Having considered all the facts in this case in the light of the Sochurek factors and the Court of Appeals for the Eleventh Circuit's guidance, we hold that petitioners have carried their burden to prove that Mr. Linde was a bona fide resident of Iraq during the years in issue. Mr. Linde credibly testified that he began working for DynCorp in Iraq with the intention of remaining there indefinitely. His actions during and after the years in issue confirm this stated intention, as does the fact that he was still employed in Iraq on the date of trial. Mr. Linde spent two-thirds of each year in issue in Iraq, and his absences from Iraq were at the behest of Dyncorp. Meanwhile, he spent one-third or less of each year in issue in the United States.
Respondent contends that Mr. Linde's employment in Iraq was not indefinite because it was governed by a series of one-year contracts. However, Mr. Linde's contract was routinely renewed and reexecuted yearly. During the relevant period Mr. Linde intended to stay in Iraq indefinitely with the expectation that his contract would continue to be extended. Mr. Linde's continued employment there after the years in issue confirms that his expectations were correct. Accordingly, we find that Mr. Linde's employment at DynCorp was for an indefinite duration.
Respondent also argues that Mr. Linde cannot be a bona fide resident of Iraq because he does not intend to remain there after he retires. However, the record contains no evidence that Mr. Linde intends to retire in the near future. Furthermore, respondent overstates the requirements of residency, which does not necessitate an intention to make a fixed and permanent home. See Vento, 715 F.3d at 470.
In sum, Mr. Linde's acceptance of a long-term assignment in Iraq and his sustained physical presence there weigh heavily in favor of bona fide residency, and we so hold. See Commissioner v. Estate of Sanders, 834 F.3d at 1280; Vento, 715 F.3d at 470. Accordingly, since we have already found that Mr. Linde's tax home was in Iraq during the years in issue, petitioners are entitled to the foreign earned income exclusions claimed on their returns.
III. Unreimbursed Employee Business Expenses
We next determine whether petitioners are entitled to deductions for unreimbursed employee business expenses.
Deductions are a matter of legislative grace, and the taxpayer generally bears the burden of proving entitlement to any deduction claimed. See Rule 142(a); INDOPCO, Inc. v. Commissioner, 503 U.S. 79, 84 (1992); New Colonial Ice Co. v. Helvering, 292 U.S. 435, 440 (1934). A taxpayer claiming a deduction on a Federal income tax return must demonstrate that the deduction is allowable pursuant to a statutory provision and must further substantiate that the expense to which the deduction relates has been paid or incurred. See sec. 6001; Hradesky v. Commissioner, 65 T.C. 87, 89-90 (1975), aff'd per curiam, 540 F.2d 821 (5th Cir. 1976).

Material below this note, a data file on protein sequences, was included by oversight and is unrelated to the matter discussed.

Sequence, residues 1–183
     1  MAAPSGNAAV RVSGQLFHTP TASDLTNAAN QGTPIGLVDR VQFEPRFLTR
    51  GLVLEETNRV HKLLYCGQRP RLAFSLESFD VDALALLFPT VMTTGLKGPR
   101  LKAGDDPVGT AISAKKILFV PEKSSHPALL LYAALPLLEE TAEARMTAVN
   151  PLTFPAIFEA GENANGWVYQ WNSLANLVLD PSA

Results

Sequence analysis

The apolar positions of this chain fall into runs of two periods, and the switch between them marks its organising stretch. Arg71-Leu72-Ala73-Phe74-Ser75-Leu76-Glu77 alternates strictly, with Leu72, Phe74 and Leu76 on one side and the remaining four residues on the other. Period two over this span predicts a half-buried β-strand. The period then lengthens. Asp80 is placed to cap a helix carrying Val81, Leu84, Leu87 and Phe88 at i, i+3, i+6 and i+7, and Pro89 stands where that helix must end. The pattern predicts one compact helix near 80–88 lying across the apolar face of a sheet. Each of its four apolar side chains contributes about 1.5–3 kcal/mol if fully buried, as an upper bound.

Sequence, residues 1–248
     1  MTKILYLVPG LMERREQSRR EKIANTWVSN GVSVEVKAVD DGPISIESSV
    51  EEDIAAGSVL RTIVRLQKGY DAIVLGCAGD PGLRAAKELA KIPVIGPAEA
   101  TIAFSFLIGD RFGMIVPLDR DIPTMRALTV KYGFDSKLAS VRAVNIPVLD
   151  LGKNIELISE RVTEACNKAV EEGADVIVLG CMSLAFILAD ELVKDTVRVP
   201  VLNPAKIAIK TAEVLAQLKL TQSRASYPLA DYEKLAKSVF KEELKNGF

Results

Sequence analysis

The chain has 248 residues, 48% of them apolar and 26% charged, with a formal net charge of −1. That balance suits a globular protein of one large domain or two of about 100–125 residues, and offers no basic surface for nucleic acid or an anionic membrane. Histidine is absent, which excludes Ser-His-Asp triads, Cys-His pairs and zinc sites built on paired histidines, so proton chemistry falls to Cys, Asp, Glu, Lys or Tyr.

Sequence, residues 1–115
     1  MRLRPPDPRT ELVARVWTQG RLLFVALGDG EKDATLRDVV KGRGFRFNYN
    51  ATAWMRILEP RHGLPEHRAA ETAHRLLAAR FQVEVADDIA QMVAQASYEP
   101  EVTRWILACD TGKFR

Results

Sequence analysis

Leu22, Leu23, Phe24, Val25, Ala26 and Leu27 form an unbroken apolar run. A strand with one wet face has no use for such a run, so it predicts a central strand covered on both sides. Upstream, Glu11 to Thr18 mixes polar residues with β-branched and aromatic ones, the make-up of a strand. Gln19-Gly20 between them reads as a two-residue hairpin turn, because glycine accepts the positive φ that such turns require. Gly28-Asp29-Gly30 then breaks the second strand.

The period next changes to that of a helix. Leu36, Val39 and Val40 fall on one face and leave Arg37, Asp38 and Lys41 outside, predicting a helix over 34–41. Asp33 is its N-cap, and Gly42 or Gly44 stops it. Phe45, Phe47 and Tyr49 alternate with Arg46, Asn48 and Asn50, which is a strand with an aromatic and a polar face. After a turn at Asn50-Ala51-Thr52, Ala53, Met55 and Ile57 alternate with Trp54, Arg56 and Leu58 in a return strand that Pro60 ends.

Section 162 allows a taxpayer to deduct all ordinary and necessary expenses paid or incurred by the taxpayer in carrying on a trade or business; but personal, living, or family expenses are not deductible. Secs. 162(a), 262(a). A trade or business expense is ordinary if it is normal or customary within a particular trade, business, or industry, and it is necessary if it is appropriate and helpful for the development of the business. Commissioner v. Heininger, 320 U.S. 467, 471 (1943); Welch v. Helvering, 290 U.S. at 113-114. Whether an expenditure is ordinary and necessary is generally a question of fact. Commissioner v. Heininger, 320 U.S. at 475.
A "trade or business" includes the "trade or business" of being an employee. O'Malley v. Commissioner, 91 T.C. 352, 363-364 (1988); Primuth v. Commissioner, 54 T.C. 374, 377-378 (1970). The taxpayer bears the burden of establishing that his employer would not have reimbursed him for such expenses. See Podems v. Commissioner, 24 T.C. 21, 23 (1955); Benson v. Commissioner, T.C. Memo. 2007-113; Putnam v. Commissioner, T.C. Memo. 1998-285. He can do so by showing that he was required or expected to bear these costs. See Fountain v. Commissioner, 59 T.C. 696, 708 (1973); see also Dunkelberger v. Commissioner, T.C. Memo. 1992-723 (finding that management team expected taxpayer to bear expense of business lunches with vendors).
A. Mr. Linde's Travel Expenses
Petitioners argue that they are entitled to deduct the cost of Mr. Linde's flights to and from the United States. For the reasons below we disagree.
Section 162(a)(2) includes within the ambit of section 162(a) traveling expenses while away from home in the pursuit of a trade or business. Traveling expenses include lodging, meals, travel fares, and other expenses incident to travel. Sec. 162(a)(2); sec. 1.162-2(a), Income Tax Regs. To claim a traveling expense deduction, a taxpayer must show: (1) that his expenses are ordinary and necessary; (2) that he was away from home when he incurred the expenses; and (3) that the expenses were incurred in pursuit of a trade or business. Commissioner v. Flowers, 326 U.S. at 470. "[I]n the pursuit of a trade or business" has been read to mean: "The exigencies of business rather than the personal conveniences and necessities of the traveler must be the motivating factors." Id. at 474.
Mr. Linde testified that DynCorp did not allow him to stay in Kuwait during his break periods and did not cover his remaining travel costs. However, the record is insufficient to establish a business purpose for Mr. Linde's travel between Kuwait and the United States. We therefore hold that petitioners have not demonstrated their entitlement to deductions for Mr. Linde's travel expenses. Accordingly, we sustain respondent's determination as to these expenses.